By Jennifer L. Warren
BEACON – “Aging may be slowing me down, but it’s not shutting me up.”
A broad smile covers Claire Norton’s face as she utters this quote someone recently told her.
These words have never resonated so loudly for Norton, along with her husband, Barry, as they have over the last month. It was around that time that Dan Aymar-Blair of the Beacon Collective made a post on Facebook about the horrific, inhumane treatment of immigrant families whose parents and children were sent to separate detention centers, many to never see one another again.
Some of those children are as young as 6-8 months old, and many, if action is not taken to reunite them with their parents and families, will suffer not only physically, but entail emotional and mental trauma that could last a lifetime. Although the government was given a deadline for the release of both children and adults, it has not been met.
“We just could not sit around and let this happen,” said Barry. “Everything we have fought for, we feel like we now have to fight for all over again.”
That activist fire is no stranger to the Norton’s. In January, 2017 they could not be here for the Women’s March. However, they were so energized by the ones taking place, they organized their own in Vieques, Puerto Rico where they were vacationing at the time. They have also been involved in smaller, local activist plights; however, on this wide-scale immigration issue, something inside told them they must go bigger.
And larger they did: Together with Aymar-Blair, a multitude of “grannies,” and young people, they formed Grannies Respond (Abuelas Responden.) A committed mission to travel to McAllen, Texas via vans, allowing their voices to be heard on this pressing issue quickly evolved. A core group of 30 developed, and word took off like wildfire on an assortment of social media venues. People were outraged, and before long, more jumped on board (goal is now to register 1000 participants), an outpouring of generous donations emerged, itineraries were planned out, banners and protest signs were constructed, and people everywhere wanted to get involved in any way possible.
Then, within just one month, several spacious, rented vans set out last Tuesday from Beacon to New York City with a final destination of the Texas locale. After picking up other “grannies,” as well as participants along the way in various states, the plan is to hold an array of protests, vigils, marches, singalongs, pot luck dinners, and anything that will promote awareness on August 6 and 7 that will bond the group as well as incite hope and fuel to bring about urgent reform and change, ultimately resulting with children being reunited with loved ones.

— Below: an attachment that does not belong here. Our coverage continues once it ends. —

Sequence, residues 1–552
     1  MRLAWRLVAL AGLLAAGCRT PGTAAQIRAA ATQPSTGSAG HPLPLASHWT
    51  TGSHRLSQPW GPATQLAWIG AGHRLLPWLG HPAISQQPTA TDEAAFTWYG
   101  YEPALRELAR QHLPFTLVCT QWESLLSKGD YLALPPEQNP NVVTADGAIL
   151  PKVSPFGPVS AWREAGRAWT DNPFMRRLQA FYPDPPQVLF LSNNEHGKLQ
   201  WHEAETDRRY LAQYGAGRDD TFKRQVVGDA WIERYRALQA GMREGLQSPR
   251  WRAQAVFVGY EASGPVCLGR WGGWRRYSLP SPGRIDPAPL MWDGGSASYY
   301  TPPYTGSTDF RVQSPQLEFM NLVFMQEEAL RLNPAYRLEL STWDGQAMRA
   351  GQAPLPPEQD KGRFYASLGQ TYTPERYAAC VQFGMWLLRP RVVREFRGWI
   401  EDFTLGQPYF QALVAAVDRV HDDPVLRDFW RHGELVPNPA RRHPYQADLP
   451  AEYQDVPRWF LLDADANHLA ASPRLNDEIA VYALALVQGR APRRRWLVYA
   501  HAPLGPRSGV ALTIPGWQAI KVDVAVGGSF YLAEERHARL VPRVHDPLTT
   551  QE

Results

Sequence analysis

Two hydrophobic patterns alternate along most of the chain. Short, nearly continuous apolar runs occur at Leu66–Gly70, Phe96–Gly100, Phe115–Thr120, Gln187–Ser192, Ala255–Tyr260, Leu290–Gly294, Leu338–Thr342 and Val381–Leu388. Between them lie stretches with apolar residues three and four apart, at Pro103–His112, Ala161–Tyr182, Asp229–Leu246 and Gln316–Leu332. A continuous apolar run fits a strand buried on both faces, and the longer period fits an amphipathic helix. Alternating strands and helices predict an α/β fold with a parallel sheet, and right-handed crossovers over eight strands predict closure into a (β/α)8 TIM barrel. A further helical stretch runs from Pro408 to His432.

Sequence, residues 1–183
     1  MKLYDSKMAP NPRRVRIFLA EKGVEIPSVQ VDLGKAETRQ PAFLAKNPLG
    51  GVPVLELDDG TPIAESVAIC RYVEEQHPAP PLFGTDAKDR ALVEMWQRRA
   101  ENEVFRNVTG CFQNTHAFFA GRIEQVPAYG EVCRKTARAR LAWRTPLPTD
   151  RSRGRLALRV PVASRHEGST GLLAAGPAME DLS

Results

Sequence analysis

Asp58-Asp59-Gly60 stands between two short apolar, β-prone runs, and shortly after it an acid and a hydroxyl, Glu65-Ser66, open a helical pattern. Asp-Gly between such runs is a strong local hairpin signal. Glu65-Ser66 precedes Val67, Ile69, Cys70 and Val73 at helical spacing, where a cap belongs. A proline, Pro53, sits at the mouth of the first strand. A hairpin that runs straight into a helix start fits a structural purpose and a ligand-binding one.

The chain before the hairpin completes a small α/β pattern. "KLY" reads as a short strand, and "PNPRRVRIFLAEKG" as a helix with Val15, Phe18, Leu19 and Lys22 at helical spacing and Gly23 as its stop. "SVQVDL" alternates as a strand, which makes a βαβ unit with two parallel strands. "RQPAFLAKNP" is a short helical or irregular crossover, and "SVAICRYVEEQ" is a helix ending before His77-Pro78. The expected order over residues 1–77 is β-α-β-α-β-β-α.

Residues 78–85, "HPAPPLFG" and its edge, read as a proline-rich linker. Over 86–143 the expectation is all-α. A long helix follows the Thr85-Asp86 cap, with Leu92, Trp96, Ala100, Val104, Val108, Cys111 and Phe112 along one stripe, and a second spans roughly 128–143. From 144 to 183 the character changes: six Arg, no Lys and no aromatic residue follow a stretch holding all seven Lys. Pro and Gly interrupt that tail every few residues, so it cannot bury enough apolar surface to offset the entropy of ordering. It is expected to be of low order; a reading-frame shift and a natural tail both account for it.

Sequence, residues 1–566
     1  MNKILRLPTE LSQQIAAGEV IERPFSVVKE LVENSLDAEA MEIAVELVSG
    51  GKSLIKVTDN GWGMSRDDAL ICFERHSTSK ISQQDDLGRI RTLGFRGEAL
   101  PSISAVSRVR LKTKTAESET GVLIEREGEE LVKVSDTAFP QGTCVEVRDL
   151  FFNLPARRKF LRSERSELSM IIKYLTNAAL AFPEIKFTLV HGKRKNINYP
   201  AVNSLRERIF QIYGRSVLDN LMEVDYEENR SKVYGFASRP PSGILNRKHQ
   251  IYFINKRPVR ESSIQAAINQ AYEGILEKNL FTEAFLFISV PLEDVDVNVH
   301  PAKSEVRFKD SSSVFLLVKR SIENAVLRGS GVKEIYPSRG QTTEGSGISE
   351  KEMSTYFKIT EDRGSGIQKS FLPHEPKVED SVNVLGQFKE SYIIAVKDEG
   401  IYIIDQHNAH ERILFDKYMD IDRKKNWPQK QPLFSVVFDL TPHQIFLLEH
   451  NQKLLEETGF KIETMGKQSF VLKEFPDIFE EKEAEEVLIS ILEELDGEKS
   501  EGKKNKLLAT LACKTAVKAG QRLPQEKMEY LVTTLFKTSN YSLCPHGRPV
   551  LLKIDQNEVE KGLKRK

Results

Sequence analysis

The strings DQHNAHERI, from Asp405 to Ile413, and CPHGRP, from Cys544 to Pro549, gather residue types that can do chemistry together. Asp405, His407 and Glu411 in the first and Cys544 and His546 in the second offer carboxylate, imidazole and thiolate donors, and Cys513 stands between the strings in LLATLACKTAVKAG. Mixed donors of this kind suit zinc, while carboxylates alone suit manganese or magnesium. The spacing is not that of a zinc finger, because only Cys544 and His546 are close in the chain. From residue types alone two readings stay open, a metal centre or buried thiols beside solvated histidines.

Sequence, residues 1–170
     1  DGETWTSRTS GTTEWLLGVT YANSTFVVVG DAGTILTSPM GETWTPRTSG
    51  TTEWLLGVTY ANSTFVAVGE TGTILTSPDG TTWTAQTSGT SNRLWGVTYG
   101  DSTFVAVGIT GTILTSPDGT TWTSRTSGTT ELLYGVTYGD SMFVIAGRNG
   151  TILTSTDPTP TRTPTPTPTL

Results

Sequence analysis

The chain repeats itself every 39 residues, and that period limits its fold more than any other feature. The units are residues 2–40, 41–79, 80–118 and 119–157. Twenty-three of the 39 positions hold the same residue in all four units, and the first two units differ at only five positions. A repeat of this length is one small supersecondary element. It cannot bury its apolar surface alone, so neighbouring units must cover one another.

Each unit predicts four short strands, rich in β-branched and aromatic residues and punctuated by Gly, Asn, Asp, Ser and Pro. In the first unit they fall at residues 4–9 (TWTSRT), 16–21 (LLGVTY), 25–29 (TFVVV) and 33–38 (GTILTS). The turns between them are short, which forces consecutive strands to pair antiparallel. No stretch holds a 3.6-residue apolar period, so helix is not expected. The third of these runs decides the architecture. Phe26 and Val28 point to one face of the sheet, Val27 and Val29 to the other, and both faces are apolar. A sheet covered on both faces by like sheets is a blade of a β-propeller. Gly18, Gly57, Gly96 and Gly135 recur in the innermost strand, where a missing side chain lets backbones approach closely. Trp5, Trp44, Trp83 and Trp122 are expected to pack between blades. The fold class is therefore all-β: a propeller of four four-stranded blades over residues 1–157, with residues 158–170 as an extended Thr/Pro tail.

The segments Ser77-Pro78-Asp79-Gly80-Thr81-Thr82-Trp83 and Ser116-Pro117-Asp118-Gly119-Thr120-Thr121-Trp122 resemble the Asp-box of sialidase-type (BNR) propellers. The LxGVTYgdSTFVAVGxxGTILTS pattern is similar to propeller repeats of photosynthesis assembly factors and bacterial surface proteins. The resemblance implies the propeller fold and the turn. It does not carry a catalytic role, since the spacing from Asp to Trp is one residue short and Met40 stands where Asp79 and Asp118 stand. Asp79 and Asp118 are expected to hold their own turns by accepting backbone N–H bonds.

“We are not completely sure about exactly what we are doing, but we know as we progress, it will slowly fall into place,” explained Claire. “What we do know is we cannot afford to stay complacent any longer; we want to be models for our children and grandchildren.”
In addition to demanding children be returned to their families, the “Grannies” further hope to get the United States Immigration Policy to reflect the Golden Rule, allowing all human beings to be treated equally, fairly and with decency. The Nortons, like many in the group, see this disturbing immigration issue as a reflection of so many other concerns now facing this country, ones that require a grassroots, hands-on approach to be addressed and resolved.
“The mission is to start to have conversations with people; we want to go beyond political boundaries,” explained Claire. “We are partnering with many other groups, and are discovering that a lot of people who were not active have suddenly now been given a voice.”
And for many involved in Grannies Respond, not simply a voice, but one that won’t “shut up” at all costs.